India’s 25 percent broken was selling for $344, slightly down from $346 in March last year. India seems to be now the preferred source for NFA imports. Its $344 per ton export price comes out to about P17.05 per kilo at current exchange rates—lower than prevailing farm-gate prices in the Philippines.

The FAO continues to see a rebound in world rice production, led by increased plantings in Asian countries. This is seen to result in a “still abundant” rice stocks situation despite small declines in India and Thailand but accumulations in China and Vietnam.

In its latest Food Price Monitoring and Analysis (FPMA) Bulletin released last week, the FAO projects world rice consumption to increase this year by 1 percent, with international trade seen growing by 4 percent. 

The FAO said India and Vietnam are predicted to lead the world rice export trade upturn, although “in both cases growth could be capped by intense competition for markets and lingering subdued demand in key markets.” That could benefit rice importers in terms of bargaining lower prices.

The FPMA also said that in Thailand, the release of government stocks and the slow pace of exports pressured prices downward and kept them lower than a year earlier. In Vietnam, rice prices rose slightly in March as the bulk of the main winter/spring harvest has not yet entered the market following some delays due to heavy rains last December. In China, Indonesia and the Philippines rice prices “eased somewhat” as a result of adequate supplies from recent harvests.

What now, NFA?

What do these production and price trends make of the NFA’s role in the domestic rice market? Without intervention, the rise in farm-gate prices could only translate to higher retail prices over the coming months. NFA’s efforts to snare a share of the farm output pie is apparently being ignored by farmers and are turning more to commercial merchants who offer higher bids for their produce. However, lower-priced imported stocks could help depress that upward pressure on locally sourced rice.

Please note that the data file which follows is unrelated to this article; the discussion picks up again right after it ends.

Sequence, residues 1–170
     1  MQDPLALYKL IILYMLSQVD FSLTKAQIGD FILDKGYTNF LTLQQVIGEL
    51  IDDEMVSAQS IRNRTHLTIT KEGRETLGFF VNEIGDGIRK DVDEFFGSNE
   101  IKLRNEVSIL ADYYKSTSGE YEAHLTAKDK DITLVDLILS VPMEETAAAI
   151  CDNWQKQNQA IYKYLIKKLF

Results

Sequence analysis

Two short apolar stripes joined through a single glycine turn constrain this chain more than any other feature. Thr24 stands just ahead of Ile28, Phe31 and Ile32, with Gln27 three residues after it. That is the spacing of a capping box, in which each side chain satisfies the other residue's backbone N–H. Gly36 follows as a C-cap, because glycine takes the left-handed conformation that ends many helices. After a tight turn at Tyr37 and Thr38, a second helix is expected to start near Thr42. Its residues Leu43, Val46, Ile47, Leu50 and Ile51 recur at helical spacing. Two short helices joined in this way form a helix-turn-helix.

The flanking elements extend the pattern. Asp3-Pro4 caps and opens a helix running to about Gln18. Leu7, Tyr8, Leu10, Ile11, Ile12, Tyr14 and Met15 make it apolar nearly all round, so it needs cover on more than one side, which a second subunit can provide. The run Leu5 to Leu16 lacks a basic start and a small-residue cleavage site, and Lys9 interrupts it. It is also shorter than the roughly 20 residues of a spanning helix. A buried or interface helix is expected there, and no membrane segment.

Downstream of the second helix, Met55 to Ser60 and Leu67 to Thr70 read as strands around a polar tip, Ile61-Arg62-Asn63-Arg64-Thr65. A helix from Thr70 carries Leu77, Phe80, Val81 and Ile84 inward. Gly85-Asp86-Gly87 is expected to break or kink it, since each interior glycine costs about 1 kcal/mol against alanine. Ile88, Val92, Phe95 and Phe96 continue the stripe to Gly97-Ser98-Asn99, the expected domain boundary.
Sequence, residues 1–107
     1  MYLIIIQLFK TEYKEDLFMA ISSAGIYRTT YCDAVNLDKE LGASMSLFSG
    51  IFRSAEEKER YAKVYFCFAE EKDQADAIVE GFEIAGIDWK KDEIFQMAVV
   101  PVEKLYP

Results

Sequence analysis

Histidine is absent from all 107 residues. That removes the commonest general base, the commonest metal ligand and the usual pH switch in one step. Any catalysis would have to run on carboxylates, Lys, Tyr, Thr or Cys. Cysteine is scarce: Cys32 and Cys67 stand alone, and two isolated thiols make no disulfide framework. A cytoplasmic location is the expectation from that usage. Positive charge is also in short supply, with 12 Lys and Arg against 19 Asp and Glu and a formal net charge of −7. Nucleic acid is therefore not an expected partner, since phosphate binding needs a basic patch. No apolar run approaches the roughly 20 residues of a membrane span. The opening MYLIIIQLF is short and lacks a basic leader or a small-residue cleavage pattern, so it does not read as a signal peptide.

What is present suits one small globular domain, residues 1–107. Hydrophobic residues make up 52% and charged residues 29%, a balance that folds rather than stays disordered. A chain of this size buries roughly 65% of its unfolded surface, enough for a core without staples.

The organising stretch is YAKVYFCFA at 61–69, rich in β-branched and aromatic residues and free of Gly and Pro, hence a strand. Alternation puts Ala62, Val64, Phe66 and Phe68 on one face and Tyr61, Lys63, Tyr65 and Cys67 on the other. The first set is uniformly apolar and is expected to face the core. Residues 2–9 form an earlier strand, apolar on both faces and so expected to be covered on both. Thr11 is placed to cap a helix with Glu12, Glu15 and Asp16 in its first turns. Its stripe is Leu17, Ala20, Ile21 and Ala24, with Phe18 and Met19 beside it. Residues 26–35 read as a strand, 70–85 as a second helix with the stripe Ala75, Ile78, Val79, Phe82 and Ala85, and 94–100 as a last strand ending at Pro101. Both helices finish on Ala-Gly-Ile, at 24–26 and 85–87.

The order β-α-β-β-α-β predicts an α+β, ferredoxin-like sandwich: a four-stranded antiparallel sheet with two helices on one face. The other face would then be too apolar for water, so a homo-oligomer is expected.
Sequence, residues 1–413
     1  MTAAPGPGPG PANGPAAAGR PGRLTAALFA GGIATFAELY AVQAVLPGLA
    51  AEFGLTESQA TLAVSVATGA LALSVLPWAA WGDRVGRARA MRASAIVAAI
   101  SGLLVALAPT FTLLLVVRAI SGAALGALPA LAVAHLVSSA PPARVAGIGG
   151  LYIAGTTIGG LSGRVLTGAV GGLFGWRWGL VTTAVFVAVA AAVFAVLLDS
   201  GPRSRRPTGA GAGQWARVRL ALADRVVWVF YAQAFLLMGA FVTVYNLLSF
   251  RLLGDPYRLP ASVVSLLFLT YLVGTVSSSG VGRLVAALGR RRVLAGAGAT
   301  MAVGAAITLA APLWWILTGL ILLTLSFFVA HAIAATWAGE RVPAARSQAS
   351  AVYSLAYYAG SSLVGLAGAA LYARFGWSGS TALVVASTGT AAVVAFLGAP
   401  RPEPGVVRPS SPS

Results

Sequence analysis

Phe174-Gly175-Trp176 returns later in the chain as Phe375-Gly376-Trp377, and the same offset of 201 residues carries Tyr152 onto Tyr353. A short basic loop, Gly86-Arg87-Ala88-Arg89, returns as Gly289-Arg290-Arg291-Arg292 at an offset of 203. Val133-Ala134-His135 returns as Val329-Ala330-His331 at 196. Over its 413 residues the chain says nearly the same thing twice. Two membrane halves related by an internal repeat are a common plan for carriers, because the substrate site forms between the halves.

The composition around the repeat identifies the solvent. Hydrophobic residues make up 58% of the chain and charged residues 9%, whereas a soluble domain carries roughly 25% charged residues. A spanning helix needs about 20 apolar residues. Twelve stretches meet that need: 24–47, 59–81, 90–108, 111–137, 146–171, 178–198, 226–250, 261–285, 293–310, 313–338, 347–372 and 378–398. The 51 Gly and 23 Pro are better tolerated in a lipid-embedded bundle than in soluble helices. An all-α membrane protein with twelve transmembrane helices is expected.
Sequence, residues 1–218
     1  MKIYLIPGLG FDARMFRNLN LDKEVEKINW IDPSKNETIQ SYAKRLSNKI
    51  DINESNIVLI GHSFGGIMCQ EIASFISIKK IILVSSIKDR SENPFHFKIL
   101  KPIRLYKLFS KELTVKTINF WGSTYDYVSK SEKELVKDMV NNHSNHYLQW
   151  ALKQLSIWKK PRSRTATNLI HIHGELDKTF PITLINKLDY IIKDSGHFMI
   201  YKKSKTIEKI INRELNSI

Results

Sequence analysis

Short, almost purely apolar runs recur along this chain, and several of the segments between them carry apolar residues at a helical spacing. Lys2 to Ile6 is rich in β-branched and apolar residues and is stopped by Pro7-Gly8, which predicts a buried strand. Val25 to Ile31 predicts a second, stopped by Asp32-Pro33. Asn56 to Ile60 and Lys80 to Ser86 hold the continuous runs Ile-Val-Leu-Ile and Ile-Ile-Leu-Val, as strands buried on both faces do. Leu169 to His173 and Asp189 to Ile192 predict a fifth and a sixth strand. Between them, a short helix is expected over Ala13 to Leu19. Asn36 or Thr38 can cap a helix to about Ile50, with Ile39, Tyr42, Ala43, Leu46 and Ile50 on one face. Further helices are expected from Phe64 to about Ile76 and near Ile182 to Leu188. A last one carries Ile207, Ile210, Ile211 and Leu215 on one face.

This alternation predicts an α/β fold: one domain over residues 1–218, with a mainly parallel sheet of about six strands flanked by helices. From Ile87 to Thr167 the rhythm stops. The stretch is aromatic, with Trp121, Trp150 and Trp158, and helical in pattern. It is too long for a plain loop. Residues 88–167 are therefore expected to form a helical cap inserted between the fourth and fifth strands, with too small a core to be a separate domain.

The NFA’s mandate allows it to exclusively import rice to such extent as to moderate any price spikes in the commodity. However, if it unloads imported stocks at very low prices, the farming sector will obviously get hurt and perhaps be discouraged from further plantings of the crop.

Recent increases in the price of rice give the farmers an opportunity to earn possibly handsome profits from their labor. But consumers will definitely complain about any price increase, especially if the increase will hurt the household finances—rice and other food items comprise a biggest share of most household spending across the archipelago.

Further, with a budget of P5.1 billion this year—with a large part of this amount intended for expenses for employee salaries and for constructing and maintaining warehouses—the NFA can only pay for rice imports by borrowing more money. Together with the current debt burden of some P160 billion, any additional borrowing will be shouldered by the Filipino taxpayers over the coming years.

While NFA-influenced rice prices obviously benefit the consumers as a whole, only a small segment of the intended beneficiaries from the subsidized prices actually get a chance to share in this program. A study by economists at the Asian Development Bank in 2008 discovered that only 16 percent of the population actually benefit from the subsidy.

Perhaps it is time for policymakers to take a hard look at the NFA’s role in a changed rice market. There are other government agencies that are better equipped to handle what the NFA is trying to do.